Connor Brown has made the best of his new opportunity since being traded from the Toronto Maple Leafs
When it was announced this past summer that Connor Brown would be departing the Toronto Maple Leafs along with Nikita Zaitsev to join the Ottawa Senators, I felt pretty happy for the guy.
Brown was a sixth-round pick in 2012 who had made his rounds in the AHL before Mike Babcock and the Maple Leafs gave him a chance to be a part of the big-league roster as a bottom-six forward in 2016.
The Toronto Maple Leafs prospect pool is not an easy one to break out of, and when Brown made the NHL roster, it was just not a great time for him to expand and grow his offensive game.
This of course was due to the context of the team in their outburst of young talent and the rest of their prospects excelling at a faster pace. Brown joined a forward lineup that was led by a rookie Auston Matthews, alongside Mitch Marner and William Nylander who all had their first real breakout seasons. When competing against talent like that, it is very easy to have your offensive role pushed back.
Connor Brown’s offensive capabilities were in the spotlight throughout his time in junior hockey, but his numbers never translated to the NHL until now. He finished first in points in his final OHL season with the Erie Otters in 2013-14, scoring 45 goals and tallying 83 assists ahead of Connor McDavid and Dylan Strome. (Stats courtesy of HockeyDB.com)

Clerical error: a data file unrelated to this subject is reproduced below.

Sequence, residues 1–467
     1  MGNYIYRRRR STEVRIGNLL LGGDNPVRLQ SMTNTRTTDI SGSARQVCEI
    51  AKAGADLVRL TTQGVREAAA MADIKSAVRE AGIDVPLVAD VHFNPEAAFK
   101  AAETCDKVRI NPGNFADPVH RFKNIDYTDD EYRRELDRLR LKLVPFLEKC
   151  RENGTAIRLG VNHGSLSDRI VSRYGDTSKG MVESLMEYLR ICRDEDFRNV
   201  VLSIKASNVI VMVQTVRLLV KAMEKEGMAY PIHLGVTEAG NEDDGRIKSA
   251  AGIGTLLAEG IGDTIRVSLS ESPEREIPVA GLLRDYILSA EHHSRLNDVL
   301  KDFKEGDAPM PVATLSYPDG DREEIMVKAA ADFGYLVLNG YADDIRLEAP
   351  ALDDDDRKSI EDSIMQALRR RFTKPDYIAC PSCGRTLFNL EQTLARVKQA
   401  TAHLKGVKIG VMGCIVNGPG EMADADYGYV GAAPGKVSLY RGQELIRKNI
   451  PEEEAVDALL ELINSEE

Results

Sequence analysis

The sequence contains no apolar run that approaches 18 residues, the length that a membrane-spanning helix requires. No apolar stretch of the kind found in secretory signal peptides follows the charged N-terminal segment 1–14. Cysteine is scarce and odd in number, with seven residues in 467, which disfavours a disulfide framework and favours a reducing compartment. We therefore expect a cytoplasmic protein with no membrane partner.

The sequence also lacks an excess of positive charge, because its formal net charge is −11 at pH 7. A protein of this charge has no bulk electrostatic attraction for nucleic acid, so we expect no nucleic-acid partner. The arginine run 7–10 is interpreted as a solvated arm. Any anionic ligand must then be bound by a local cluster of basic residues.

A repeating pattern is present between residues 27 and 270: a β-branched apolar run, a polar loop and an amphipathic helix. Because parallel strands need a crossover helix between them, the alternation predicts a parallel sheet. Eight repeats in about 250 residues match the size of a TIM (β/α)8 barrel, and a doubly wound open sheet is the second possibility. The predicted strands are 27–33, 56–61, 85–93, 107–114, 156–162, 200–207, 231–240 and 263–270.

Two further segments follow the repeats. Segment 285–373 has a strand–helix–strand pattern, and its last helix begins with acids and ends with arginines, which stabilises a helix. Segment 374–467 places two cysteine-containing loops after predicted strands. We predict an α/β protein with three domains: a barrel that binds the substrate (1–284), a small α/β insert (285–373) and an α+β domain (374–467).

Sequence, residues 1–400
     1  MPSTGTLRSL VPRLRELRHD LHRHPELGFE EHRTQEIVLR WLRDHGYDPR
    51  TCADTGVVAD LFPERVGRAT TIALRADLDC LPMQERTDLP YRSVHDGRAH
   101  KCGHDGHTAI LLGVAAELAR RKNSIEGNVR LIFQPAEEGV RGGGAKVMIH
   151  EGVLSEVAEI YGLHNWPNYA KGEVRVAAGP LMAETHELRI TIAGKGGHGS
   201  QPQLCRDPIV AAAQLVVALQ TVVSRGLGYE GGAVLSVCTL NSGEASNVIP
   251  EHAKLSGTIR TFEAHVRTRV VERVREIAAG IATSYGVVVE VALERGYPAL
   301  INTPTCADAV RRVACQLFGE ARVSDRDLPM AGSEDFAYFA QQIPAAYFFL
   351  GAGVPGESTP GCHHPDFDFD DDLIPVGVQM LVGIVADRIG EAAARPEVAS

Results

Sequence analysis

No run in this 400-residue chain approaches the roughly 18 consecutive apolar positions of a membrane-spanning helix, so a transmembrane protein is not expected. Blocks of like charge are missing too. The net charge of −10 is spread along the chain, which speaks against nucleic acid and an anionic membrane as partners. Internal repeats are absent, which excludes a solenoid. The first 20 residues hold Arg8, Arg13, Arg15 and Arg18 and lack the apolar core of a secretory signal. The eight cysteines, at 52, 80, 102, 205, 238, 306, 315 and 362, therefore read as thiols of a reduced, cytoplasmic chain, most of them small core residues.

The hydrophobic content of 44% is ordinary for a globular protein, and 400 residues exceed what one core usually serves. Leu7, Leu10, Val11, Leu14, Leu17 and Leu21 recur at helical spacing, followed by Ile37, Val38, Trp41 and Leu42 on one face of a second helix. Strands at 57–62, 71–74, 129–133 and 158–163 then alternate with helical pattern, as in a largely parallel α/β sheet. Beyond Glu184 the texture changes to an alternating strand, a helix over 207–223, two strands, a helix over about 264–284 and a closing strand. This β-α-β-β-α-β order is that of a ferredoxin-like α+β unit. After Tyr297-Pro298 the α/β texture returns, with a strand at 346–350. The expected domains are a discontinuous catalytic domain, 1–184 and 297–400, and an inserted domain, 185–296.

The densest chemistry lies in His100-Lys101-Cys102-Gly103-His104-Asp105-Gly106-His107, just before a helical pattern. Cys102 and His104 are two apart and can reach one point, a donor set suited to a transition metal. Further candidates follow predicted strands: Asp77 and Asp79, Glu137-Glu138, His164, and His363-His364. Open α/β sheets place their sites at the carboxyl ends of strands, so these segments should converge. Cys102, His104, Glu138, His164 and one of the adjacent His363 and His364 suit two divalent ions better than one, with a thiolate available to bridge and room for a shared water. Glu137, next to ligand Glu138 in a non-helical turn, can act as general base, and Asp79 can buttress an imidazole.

The potential is clearly there, but since entering the league, Brown has failed to score more than 40 points in the NHL.
Brown is currently on pace for a career year for the Senators with 12 points through 15 games in the 25-year-old’s fourth season in the NHL. With Ottawa’s lineup being on the lower end of the league’s standards due to the fact they are in the midst of a rebuild, Brown has been able to succeed in a top-six role that he rarely had the opportunity to play in when he was in Toronto.
Brown is also on the first power play unit for the Senators alongside their top end young players like Thomas Chabot and Brady Tkachuk, which has added to an already increased amount of ice time to combine for an average of 20:24 a game. Third among all Senators skaters, this is almost seven minutes more than his average of 13:48 a game last season with the Maple Leafs. (Stats courtesy of Hockey-Reference.com)
It seems that Brown has joined the Senators at the perfect point in his career. At 25-years-old, on a youth-driven team, he has the chance to watch the young talent around him grow and develop, and could possibly be a part of a competitive team within the next five to seven years.
One major reason why some NHL players who thrive in junior hockey never pan out is based on opportunity. The Maple Leafs never needed Connor Brown to be an offensive force because of the forward group they had, and now with the Senators, Brown has an opportunity to become a solid top-six forward in this league.